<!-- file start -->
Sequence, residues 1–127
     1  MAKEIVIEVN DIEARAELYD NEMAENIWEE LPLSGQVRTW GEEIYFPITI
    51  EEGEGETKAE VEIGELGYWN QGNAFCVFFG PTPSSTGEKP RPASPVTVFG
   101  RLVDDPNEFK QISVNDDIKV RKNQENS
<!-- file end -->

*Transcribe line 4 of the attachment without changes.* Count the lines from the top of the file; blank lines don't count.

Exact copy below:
   101  RLVDDPNEFK QISVNDDIKV RKNQENS